It was an historic weekend for Argentine rugby as the Jaguares notched their maiden victory over a New Zealand franchise with a gutsy 20-13 triumph over the injury-hit Blues in Auckland. The Jaguares trailed 13-5 at the break but they mastered the horrendous playing conditions after the break to make it three from three on their Australasian tour.
But easily the biggest shock of the weekend came just before that match as the Reds stunned the Lions at Suncorp Stadium. The Queenslanders produced a superb first half to lead 24-0 at the break, and did just enough in the second 40 to hold on for their fourth win of the season.
Elsewhere, there were wins for the Hurricanes, Brumbies, Highlanders and Stormers.
Brumbies' shortcoming expose wider Aussie problem
It was another depressing evening of viewing for fans of the Brumbies - and Australian rugby supporters on the whole - as the two-time champions missed a golden opportunity to take down the Crusaders.
In what was Sam Carter's 100th Brumbies start, the ACT franchise got off to the perfect start when Henry Speight crossed after just two minutes. But a yellow card to fellow winger Chance Peni soon swung the momentum the Crusaders' way and the defending champions ran in three tries in 12 minutes to open up a 21-8 halftime lead.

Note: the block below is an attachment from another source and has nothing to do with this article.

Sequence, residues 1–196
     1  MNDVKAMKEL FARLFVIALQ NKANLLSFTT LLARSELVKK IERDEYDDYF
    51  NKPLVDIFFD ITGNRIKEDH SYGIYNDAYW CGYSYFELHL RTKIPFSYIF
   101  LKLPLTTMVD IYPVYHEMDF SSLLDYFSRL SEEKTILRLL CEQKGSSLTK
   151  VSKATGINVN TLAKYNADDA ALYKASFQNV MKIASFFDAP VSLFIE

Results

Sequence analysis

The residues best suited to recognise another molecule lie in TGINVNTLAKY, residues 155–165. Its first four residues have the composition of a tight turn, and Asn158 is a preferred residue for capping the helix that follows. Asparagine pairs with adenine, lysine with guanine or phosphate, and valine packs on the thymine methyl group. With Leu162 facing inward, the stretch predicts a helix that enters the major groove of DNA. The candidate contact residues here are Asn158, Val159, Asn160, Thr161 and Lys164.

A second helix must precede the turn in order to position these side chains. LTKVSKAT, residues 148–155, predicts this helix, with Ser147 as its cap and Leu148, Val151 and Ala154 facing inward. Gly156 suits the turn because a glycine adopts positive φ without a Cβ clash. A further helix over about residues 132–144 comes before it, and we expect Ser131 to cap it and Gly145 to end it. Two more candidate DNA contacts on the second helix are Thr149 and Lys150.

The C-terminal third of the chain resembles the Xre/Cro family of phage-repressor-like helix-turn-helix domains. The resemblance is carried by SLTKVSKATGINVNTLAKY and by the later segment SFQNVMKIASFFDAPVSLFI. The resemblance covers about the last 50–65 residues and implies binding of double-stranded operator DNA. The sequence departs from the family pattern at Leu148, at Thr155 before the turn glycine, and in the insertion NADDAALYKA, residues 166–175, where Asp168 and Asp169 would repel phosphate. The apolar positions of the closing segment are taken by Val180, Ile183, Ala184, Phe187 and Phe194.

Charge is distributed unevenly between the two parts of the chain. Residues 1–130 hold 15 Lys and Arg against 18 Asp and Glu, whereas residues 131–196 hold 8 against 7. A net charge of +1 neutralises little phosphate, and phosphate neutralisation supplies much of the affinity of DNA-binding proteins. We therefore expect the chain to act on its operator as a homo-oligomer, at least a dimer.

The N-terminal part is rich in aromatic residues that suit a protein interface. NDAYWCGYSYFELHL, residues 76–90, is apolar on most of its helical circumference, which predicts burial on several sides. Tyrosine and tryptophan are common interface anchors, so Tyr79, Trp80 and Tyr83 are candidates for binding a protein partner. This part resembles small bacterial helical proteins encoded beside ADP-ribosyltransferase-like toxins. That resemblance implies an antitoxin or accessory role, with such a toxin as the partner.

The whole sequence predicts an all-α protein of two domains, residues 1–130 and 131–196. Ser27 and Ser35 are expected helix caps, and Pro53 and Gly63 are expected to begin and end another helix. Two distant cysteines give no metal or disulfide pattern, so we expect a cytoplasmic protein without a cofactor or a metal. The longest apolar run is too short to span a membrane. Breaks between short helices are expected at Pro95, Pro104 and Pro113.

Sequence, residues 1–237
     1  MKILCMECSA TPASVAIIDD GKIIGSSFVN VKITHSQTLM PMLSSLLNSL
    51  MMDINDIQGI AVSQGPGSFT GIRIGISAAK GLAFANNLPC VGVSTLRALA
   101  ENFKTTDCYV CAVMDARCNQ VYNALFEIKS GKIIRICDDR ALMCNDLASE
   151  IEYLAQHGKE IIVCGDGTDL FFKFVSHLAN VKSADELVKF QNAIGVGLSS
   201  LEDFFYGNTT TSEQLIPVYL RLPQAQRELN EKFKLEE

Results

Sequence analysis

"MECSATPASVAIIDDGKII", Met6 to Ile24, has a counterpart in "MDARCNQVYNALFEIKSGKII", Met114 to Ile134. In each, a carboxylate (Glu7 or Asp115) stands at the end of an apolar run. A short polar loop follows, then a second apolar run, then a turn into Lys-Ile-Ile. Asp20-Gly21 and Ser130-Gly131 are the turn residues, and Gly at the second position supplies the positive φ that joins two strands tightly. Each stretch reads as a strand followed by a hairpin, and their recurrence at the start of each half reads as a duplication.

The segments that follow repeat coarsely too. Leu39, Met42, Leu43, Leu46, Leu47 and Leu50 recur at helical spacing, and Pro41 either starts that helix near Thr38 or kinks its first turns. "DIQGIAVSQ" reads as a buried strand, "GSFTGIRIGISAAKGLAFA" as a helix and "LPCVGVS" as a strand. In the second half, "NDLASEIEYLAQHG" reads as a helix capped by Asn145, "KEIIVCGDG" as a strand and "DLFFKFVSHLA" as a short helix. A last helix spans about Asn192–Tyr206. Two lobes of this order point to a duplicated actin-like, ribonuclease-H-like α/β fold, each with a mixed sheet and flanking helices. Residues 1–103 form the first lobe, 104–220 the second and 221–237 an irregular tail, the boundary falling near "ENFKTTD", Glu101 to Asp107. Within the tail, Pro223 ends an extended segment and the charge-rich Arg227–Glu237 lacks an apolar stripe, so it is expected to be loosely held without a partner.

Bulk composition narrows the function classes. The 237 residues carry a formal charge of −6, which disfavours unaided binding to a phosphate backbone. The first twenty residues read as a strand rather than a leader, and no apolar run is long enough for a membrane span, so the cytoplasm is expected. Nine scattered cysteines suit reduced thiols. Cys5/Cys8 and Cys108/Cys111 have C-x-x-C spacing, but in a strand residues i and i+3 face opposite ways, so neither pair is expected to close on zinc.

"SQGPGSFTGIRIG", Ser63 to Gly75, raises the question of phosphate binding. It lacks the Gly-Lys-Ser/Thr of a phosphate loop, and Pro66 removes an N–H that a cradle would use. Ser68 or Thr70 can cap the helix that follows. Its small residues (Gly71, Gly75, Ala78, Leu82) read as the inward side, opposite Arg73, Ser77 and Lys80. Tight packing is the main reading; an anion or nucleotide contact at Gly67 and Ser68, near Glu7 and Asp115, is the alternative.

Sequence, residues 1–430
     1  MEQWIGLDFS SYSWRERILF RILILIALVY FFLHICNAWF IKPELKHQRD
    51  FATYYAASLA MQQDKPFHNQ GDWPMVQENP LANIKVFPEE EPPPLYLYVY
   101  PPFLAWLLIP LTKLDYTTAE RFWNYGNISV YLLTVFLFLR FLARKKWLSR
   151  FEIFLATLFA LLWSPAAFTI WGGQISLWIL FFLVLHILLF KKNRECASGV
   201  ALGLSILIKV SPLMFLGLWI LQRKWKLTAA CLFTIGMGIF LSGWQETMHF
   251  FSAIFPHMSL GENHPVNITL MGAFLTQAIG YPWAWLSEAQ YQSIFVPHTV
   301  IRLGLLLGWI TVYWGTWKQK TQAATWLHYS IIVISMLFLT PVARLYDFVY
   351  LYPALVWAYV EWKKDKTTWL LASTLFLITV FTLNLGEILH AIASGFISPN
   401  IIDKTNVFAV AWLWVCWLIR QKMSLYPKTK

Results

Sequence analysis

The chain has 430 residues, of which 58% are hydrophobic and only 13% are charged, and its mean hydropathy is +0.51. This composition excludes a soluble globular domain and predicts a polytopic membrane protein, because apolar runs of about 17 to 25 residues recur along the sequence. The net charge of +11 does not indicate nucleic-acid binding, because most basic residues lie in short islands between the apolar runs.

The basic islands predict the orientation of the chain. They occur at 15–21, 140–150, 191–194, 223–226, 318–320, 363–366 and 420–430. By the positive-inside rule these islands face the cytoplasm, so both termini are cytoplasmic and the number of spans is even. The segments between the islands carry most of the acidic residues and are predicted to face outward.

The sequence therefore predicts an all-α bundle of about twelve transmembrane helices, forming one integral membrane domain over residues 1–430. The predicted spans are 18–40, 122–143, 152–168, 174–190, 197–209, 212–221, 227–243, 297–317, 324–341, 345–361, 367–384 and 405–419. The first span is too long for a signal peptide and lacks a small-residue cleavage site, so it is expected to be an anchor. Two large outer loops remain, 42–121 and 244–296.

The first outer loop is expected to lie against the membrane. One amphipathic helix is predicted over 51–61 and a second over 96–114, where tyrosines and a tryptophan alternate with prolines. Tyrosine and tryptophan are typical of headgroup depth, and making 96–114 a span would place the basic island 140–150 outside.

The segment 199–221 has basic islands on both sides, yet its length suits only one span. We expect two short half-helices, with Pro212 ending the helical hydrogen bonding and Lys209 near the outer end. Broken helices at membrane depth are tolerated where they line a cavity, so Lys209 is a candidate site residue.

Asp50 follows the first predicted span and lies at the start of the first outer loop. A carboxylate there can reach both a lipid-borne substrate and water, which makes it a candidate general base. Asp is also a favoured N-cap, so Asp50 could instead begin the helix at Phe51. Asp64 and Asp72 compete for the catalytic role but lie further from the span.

Much of the second half was played deep inside the Crusaders' 22 as the Brumbies pummelled the New Zealanders' line with wave after wave of attack. Having continually thwarted the hosts' attempts to score, the Crusaders were eventually reduced to 14, and then 13, men as referee Jaco Peyper lost patience with persistent offside, breakdown and set-piece infringements.
With Scott Barrett and Ryan Crotty in the sin bin, the Brumbies were gifted a serene pass back into the match. But they were unable to find the line, the Brumbies instead making some of the most bone-headed, inexplicable decisions you're ever likely to see when playing against 13 men.
Firstly, there was the decision to send Henry Speight on a solo mission down the short side - despite having a clear one-man advantage on the open - making him easy fodder for the Crusaders' back-row. Soon after, the Brumbies were awarded a scrum penalty; but rather than push for another penalty and potentially a penalty-try, they called for a lineout.